Saturday, November 7, 2009

Low Fat Milk and Infertility

I've been thinking about this post for the last few day, because I think it could be important for some couples who are dealing with infertility. Here's why it's been on my mind, although I should start by saying that it could all be a coincidence in our case (there were other factors in our case, like breastfeeding that could have delayed things). But since we just don't know...

Half a year ago, Paul and I decided it would be nice if, God willing, Sadie had a little brother or sister. We stopped trying to avoid and waited for a plus sign (or two little lines!). Nothing happened. Since I was still charting I had a pretty good idea of what was going on with my body, but still no little brother or sister in sight.

A couple of months ago a news program I had watched when I was pregnant with Sadie popped into my head. It was about fertility and diet and I remembered the reporter saying that studies had found that infertility had been directly linked to a diet full of low fat dairy products. It said that women who drank low or non-fat milk daily were significantly more likely to struggle with infertility.

So I started drinking Sadie's whole milk and cut out the non-fat stuff completely. The next cycle, we conceived.

I really don't know if it had anything to do with my nightly glass of milk, but I think that it's something that couples who are trying to conceive should definitely know about! Here's one of the articles I found:

Infertility

But it's not only men who are at risk from the hazards of low-fat milk, and the problem isn't just cancer. Harvard scientists recently confirmed a link between low-fat dairy in the diet and an increased risk of infertility due to lack of egg release-also known as 'anovulatory infertility'.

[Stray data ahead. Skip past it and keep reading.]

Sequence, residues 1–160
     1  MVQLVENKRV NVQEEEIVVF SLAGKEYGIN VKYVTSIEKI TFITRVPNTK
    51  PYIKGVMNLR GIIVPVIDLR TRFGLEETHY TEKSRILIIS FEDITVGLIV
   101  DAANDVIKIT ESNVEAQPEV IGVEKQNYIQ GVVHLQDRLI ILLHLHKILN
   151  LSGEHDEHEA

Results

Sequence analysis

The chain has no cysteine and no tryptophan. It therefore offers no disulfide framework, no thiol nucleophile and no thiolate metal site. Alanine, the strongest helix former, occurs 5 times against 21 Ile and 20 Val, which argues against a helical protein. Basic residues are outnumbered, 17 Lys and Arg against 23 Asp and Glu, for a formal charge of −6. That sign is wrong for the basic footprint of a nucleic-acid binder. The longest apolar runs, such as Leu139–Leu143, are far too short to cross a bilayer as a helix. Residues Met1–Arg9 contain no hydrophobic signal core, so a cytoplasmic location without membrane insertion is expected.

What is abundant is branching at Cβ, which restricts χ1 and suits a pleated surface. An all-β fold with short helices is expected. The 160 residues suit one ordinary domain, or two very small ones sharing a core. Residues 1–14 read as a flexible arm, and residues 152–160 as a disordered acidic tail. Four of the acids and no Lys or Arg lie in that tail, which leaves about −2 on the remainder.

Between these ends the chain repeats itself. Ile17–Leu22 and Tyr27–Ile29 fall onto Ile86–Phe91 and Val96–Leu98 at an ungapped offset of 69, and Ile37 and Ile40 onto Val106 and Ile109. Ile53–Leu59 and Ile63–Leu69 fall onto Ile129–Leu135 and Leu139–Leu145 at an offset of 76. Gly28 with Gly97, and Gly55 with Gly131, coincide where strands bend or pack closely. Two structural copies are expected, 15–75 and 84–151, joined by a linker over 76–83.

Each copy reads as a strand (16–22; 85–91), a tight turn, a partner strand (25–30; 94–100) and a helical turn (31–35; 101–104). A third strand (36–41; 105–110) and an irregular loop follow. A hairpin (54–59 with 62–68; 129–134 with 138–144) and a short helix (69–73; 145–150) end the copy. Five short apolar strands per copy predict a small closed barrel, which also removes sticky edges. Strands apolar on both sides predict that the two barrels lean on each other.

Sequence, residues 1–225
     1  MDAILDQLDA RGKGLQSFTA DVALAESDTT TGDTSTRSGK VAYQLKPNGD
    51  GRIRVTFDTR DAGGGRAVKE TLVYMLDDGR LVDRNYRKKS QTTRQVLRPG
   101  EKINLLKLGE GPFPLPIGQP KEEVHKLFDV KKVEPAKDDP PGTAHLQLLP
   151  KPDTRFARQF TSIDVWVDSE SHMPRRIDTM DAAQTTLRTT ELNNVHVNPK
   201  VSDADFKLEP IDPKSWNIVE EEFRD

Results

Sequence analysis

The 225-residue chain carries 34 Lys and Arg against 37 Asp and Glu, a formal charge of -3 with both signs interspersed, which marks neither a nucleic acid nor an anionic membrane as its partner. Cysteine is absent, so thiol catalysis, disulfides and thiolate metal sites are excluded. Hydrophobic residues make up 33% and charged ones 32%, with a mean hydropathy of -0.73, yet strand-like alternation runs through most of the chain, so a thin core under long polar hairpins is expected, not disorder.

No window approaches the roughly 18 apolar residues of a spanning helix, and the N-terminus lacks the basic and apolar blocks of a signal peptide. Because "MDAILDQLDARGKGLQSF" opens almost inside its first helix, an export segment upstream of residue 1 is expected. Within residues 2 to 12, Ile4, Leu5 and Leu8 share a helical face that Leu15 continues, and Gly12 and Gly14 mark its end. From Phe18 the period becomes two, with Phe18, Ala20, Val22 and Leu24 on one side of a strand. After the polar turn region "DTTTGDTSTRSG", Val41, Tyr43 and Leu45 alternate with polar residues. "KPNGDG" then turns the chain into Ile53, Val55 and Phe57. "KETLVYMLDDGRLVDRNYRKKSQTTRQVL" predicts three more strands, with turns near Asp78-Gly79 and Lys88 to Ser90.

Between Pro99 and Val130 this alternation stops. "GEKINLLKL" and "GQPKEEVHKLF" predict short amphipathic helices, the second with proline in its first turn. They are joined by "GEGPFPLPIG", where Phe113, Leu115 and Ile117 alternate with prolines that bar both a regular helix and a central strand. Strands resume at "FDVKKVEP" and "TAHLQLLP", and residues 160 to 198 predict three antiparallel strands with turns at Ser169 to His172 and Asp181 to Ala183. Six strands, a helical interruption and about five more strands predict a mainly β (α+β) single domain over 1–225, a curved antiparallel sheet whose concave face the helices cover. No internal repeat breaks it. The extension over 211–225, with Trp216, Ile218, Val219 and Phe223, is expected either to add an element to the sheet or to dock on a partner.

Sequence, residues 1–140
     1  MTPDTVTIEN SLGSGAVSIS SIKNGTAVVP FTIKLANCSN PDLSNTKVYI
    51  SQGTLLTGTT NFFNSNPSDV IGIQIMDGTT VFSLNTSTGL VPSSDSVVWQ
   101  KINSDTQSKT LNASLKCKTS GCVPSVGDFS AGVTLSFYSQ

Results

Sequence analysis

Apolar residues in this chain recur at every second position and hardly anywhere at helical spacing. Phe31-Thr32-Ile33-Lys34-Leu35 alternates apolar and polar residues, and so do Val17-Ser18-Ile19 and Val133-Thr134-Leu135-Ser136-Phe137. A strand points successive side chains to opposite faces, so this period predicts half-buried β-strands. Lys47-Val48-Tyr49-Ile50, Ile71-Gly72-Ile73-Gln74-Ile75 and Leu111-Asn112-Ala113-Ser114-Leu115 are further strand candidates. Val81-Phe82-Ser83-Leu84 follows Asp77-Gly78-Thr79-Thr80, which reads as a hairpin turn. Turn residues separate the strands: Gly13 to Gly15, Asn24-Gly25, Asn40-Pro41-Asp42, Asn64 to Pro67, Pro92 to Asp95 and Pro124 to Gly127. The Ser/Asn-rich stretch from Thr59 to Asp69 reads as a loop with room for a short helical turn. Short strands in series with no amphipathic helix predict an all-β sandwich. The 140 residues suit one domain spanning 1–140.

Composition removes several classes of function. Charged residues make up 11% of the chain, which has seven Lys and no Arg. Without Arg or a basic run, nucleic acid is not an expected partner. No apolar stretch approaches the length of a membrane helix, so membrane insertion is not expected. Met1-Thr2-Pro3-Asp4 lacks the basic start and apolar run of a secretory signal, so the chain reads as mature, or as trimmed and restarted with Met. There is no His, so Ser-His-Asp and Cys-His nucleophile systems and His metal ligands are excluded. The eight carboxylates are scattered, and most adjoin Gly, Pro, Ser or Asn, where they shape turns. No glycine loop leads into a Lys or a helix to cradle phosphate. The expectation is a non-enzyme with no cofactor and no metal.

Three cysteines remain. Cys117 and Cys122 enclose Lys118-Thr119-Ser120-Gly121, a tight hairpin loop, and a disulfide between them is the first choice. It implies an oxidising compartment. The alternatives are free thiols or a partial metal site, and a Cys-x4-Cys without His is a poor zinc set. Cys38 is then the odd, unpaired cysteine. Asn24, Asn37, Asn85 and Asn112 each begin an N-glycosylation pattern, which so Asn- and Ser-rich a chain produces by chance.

This study monitored 18,555 American women aged 24 to 42, without a history of infertility, who were trying to become pregnant or had become pregnant between 1991 and 1999. It showed that women who ate two or more servings of low-fat dairy foods a day, such as skimmed milk or yoghurt, increased their risk of anovulatory infertility by more than 85 per cent compared with women who ate less than one serving of low-fat dairy a week.

Of the low-fat dairy foods, women who consumed one or more servings per week of skimmed or low-fat milk had a significantly higher risk of anovulatory infertility compared with those having less than one serving per week.

In contrast, adding a daily serving of whole milk reduced the risk of infertility by more than 50 per cent. Other high-fat dairy products, such as ice cream, were also associated with a lower risk.

Previous research has suggested that lactose, the sugar found in milk, might be involved in anovulatory infertility, but the present study found no such connection. Instead, the researchers believe that the presence of a fat-soluble substance, which improves ovarian function, might explain the lower risk of infertility from high-fat dairy foods. As with the prostate-cancer studies, there appears to be a substance vital for healthy ovaries that requires the presence of fat for it to be properly absorbed (Hum Reprod, 2007 Feb 28; Epub ahead of print).

This may also explain why studies that have looked at dairy intake and rates of ovarian cancer have found that only low-fat milk and skimmed milk, but not whole milk, were associated with an increased cancer risk. In the Brigham and Women's Hospital Nurses' Health Study, based on more than 80,000 women, those who consumed one or more servings of skimmed or low-fat milk daily had a 32-per-cent higher risk of any type of ovarian cancer-and a 69-per-cent higher risk of serous ovarian cancer, the most widespread form-compared with women who had three or fewer servings a month. Whole milk, on the other hand, had no such effect (Int J Cancer, 2004; 110: 271-7).

Similarly, the Iowa Women's Health Study found that skimmed milk-but not whole milk-was significantly associated with an increased risk of cancer of the ovaries (Am J Epidemiol, 1999; 149: 21-31).
Full Article Here.

Men might want to check out the link too because it shows a connection between prostate cancer and low fat dairy! It's definitely an interesting read.

8 comments:

deltaflute said...

It's an interesting theory, but I don't think it applies to me. I've always drank 1 percent and have never had any trouble conceiving.

Maria said...